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Combination of a urease inhibitor and a plant essential oil to control coliform bacteria, odour production and ammonia loss from cattle waste
To evaluate urea hydrolysis, volatile fatty acid (VFA) production (odour) and coliforms in cattle waste slurries after a urease inhibitor N-(n-butyl) thiophosphoric triamide (NBPT) and a plant oil component (thymol) were added. Faeces from cattle fed a diet of 70% corn silage and 30% alfalfa haylage, urine and distilled water in the ratio 50 : 35 : 15 were blended at high speed for 1 min. Triplicate aliquots of 750 ml were amended with NBPT plus or minus thymol and reblended for 1 min, and were poured into 1·6 l wide-mouth jars covered 90% with a lid. After 56 days, thymol (2000 mg kg⁻¹ waste) in combination with NBPT (80 mg kg⁻¹ waste) retained 5·2 g of an initial 9·2 g of urea in cattle waste slurries, compared with less than 1 g of urea retained when NBPT was the only additive (P < 0·05). Another experiment using excreta from cattle fed 76·25% high moisture corn, 19·25% corn silage and a 4·5% supplement, blended at a low speed, gave a similar response with urea hydrolysis; and the two treatments, thymol alone and thymol in combination with NBPT, reduced VFA production (P < 0·01) and eliminated all coliform bacteria by day 1. A third experiment indicated coliforms disappeared in the no addition treatment after 8 days; however, they were viable at 6·6 x 10⁴ CFU g⁻¹ waste beyond 35 days in the NBPT treatment. Thymol supplements the effect of NBPT by increasing the inhibitory period for hydrolysis of urea in cattle waste slurries and nitrogen retention in the waste. Thymol and NBPT offer the potential to reduce odour and pathogens in cattle manure, and increase the fertilizer value.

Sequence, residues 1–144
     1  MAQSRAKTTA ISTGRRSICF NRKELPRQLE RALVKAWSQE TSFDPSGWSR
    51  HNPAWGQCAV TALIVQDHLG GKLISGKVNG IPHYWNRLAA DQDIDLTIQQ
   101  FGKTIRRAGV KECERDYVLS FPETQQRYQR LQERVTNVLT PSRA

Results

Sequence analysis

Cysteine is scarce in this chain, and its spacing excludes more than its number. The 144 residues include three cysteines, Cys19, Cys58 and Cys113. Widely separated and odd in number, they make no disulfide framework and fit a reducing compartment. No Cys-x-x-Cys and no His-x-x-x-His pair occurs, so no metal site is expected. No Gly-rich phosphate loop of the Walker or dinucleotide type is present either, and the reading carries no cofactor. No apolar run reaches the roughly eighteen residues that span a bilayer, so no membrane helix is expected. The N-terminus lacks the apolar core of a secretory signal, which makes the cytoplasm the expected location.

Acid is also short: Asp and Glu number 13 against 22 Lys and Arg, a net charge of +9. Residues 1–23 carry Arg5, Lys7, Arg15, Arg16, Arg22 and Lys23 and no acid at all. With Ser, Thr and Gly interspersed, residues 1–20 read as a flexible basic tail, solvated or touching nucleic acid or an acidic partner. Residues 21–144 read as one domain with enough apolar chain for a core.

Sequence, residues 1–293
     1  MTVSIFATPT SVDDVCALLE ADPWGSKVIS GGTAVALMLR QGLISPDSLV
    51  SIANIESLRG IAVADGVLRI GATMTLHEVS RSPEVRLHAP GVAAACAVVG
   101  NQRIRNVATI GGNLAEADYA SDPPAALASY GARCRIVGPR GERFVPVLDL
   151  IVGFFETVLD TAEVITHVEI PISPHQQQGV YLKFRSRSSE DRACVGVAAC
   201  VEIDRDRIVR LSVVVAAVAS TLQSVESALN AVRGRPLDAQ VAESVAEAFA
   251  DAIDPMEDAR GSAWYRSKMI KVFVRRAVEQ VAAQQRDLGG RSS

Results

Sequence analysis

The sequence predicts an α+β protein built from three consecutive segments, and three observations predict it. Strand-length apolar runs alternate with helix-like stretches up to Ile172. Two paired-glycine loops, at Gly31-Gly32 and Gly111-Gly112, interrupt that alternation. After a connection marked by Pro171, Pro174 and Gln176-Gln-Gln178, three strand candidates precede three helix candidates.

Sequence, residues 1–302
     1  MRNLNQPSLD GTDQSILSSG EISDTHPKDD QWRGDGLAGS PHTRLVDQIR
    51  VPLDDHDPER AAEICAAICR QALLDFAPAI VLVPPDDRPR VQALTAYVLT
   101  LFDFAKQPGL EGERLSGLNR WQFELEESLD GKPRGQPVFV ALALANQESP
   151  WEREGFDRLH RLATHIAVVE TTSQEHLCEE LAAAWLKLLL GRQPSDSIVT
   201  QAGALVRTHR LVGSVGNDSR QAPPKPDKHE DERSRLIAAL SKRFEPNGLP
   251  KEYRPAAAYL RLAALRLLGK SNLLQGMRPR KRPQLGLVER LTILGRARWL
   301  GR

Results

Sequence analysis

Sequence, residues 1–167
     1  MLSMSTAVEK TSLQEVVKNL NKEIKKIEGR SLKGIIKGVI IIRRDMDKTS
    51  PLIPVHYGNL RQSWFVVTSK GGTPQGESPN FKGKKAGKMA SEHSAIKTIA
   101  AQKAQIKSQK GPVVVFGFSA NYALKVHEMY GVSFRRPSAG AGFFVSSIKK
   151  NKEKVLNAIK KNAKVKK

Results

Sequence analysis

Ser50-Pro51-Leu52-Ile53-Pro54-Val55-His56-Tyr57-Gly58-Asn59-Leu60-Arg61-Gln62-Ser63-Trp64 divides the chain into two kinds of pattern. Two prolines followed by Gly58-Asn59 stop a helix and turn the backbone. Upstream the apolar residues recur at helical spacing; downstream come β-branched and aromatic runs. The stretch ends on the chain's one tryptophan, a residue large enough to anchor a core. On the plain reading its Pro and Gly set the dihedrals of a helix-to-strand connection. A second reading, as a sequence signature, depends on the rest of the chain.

Journal of applied microbiology 2007 Feb., v. 102, no. 2
Oxford, UK : Blackwell Publishing Ltd
Journal Articles, USDA Authors, Peer-Reviewed
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